Meet the Scientist
In 2017, Zafer Kizilkaya won the Whitley Gold Award for his communityled conservation project, which has created six ‘No Fishing Zones’ and protected 3,000km² of Turkish marine habitat.
Marine biologist Zafer Kizilkaya on protecting Turkey’s coastal ecosystems
Saving a stranded Mediterranean monk seal pup marked the beginning of Zafer Kizilkaya’s marine conservation journey. He spent months rehabilitating the Critically Endangered pinniped in his native Turkey, before releasing it back into Gökova Bay. When the seal was spotted playing near a town 14 days later, he investigated.
“The sea looked pristine on the surface, but below it was a devastated marine site,” says Kizilkaya. “I couldn’t believe my eyes.” Following an assessment, the marine biologist discovered that Gökova Bay had no marine algae, lots of invasive species and a lack of biodiversity.
This wasn’t just bad news for its marine life, but also for the hundreds of fishermen and women trying to earn their livelihood in these waters – when fish stocks collapsed to 4g per square kilometre in 2008, they lost a huge proportion of their income. Kizilkaya decided to do something about it and built Turkey’s first community-managed marine protected area, with the aim of conserving wildlife and supporting sustainable fishing.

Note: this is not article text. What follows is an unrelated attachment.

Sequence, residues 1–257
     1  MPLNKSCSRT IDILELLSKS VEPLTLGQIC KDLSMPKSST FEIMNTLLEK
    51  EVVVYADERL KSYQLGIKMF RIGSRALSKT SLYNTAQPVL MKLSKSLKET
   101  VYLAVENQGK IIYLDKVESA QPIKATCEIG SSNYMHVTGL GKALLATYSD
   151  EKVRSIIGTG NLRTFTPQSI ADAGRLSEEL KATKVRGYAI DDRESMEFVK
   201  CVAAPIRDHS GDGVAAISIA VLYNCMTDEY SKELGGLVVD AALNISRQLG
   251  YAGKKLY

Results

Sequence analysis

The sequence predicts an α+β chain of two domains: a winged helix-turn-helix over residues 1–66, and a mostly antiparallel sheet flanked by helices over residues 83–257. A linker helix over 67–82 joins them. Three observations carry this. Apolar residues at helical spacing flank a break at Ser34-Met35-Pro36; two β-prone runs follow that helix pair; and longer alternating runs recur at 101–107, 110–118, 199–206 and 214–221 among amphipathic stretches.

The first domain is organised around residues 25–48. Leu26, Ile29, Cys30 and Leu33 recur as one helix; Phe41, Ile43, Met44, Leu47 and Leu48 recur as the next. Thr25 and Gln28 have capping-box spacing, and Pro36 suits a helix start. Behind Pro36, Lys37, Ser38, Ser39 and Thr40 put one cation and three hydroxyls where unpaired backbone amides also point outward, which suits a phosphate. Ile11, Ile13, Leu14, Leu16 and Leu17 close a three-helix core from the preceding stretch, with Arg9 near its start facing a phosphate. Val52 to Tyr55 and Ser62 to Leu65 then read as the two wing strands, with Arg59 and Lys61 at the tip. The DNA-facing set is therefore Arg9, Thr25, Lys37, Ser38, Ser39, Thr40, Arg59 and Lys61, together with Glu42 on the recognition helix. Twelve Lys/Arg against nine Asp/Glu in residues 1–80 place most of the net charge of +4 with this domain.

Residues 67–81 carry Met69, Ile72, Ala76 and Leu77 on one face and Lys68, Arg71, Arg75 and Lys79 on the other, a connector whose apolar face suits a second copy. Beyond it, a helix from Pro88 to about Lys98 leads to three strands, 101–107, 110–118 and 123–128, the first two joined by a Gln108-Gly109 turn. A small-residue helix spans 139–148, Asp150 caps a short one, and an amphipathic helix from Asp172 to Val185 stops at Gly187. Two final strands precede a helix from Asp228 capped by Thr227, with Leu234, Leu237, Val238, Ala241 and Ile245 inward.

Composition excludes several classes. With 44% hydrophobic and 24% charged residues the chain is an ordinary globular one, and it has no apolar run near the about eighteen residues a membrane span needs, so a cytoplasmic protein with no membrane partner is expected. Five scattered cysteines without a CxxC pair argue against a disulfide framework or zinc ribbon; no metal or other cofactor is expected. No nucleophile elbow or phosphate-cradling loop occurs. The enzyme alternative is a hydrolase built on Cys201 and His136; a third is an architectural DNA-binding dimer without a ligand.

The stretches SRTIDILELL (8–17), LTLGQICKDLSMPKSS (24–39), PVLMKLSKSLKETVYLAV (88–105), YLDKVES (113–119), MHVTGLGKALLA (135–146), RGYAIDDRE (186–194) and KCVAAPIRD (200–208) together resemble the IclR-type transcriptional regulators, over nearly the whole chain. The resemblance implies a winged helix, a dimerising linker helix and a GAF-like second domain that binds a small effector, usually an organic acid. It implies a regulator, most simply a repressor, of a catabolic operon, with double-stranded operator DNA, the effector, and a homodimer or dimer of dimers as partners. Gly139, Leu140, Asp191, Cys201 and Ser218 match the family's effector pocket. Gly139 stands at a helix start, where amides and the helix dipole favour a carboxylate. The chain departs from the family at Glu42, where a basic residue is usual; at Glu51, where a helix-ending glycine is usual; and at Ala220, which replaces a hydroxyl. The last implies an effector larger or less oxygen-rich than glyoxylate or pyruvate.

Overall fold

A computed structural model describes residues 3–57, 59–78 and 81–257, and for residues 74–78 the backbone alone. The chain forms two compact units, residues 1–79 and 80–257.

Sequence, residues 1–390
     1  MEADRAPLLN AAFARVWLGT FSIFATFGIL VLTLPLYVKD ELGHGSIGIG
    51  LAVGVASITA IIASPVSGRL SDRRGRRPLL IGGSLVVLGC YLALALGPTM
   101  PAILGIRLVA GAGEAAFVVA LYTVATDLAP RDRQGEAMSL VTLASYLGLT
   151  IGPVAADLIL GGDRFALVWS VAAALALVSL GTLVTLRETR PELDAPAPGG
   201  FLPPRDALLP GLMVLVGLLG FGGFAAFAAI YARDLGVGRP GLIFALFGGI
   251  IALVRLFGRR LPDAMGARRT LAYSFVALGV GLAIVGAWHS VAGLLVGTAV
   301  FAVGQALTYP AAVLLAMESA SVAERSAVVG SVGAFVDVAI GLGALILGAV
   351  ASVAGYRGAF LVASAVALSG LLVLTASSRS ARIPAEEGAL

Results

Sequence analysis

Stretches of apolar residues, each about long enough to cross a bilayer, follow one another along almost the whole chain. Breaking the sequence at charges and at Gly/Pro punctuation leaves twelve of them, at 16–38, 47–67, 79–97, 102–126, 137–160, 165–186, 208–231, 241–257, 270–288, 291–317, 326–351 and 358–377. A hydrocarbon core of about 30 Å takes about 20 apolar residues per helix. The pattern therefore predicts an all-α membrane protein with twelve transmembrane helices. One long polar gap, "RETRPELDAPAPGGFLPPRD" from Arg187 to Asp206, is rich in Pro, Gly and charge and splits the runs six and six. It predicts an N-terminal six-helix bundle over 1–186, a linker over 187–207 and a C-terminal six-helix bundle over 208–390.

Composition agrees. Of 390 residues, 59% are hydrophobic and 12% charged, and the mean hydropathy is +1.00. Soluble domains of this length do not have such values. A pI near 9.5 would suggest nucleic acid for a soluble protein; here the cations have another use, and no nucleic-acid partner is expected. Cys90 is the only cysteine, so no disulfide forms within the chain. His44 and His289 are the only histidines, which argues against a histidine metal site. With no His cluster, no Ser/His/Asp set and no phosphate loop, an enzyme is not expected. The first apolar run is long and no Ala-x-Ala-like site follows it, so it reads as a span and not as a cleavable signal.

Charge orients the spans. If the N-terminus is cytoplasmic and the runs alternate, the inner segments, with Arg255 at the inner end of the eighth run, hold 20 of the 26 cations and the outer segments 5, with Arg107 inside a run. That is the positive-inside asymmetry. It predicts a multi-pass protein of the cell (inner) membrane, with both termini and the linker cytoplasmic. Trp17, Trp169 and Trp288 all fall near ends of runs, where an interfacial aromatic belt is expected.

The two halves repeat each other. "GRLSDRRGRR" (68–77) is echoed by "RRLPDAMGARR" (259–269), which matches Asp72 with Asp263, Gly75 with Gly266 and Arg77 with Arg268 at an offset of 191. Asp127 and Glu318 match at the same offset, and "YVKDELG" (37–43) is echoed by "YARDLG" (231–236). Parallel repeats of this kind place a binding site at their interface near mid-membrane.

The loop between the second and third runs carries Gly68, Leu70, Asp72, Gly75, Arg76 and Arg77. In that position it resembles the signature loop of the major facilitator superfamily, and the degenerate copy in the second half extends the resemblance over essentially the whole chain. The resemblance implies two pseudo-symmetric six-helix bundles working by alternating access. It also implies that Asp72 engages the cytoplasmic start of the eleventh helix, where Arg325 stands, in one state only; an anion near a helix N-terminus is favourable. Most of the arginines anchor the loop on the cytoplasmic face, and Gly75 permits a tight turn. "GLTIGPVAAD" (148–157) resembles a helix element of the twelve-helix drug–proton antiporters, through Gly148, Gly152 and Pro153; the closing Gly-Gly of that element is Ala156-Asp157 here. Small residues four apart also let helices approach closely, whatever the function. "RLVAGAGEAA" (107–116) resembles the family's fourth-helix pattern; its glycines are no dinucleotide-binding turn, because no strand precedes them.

His biggest challenge was to convince local people to sacrifice some of their fishing sites to protect sensitive spawning grounds, which would allow fish stocks to increase. In 2010, he established six No Fishing Zones (NFZs) in Gökova Bay, but they needed to be enforced somehow.
A Marine Ranger Service System was created to guard these precious areas. “Former fishermen were recruited to capture evidence of illegal activity, before reporting it to the relevant authorities,” explains Kizilkaya. “After five years, there were six to seven times more fish in Gökova Bay because the overf low from NFZs increased fish stocks elsewhere.”
Working with the Coast Guard Command and Ministry of Food, Agriculture and Livestock officials, the rangers established a strong presence in this Special Environmental Protection Area. In 2013, Gökova Bay Marine Ranger Project won a Whitley Award – a ‘Green Oscar’ that reinforced the public’s trust in Kizilkya’s conservation battle. Due to its continued success, this was followed by a Whitley Gold Award in 2017 and, most recently, an Endangered Landscapes Programme grant in October 2018. “Today, the fish stock in this bay is 100g to 220g per square kilometre,” says Kizilkaya. These replenished waters have benefited Red Listed species, such as the sandbar shark, and increased the number of grouper, which keep invasive species in check. “My goal is to replicate this model across Turkey,” he says. “And see the number of NFZs in the whole of the Mediterranean increase.” Jo Price
FIND OUT MORE
Read about the Gökova Bay Marine Ranger Project: akdenizkoruma.org.tr/en and the Whitley Fund for Nature: whitleyaward.org
The sea looked pristine, but below it was a devastated marine site.
Researchers studying an algae ecosystem in the waters of Turkey. Below: a Mediterranean monk seal.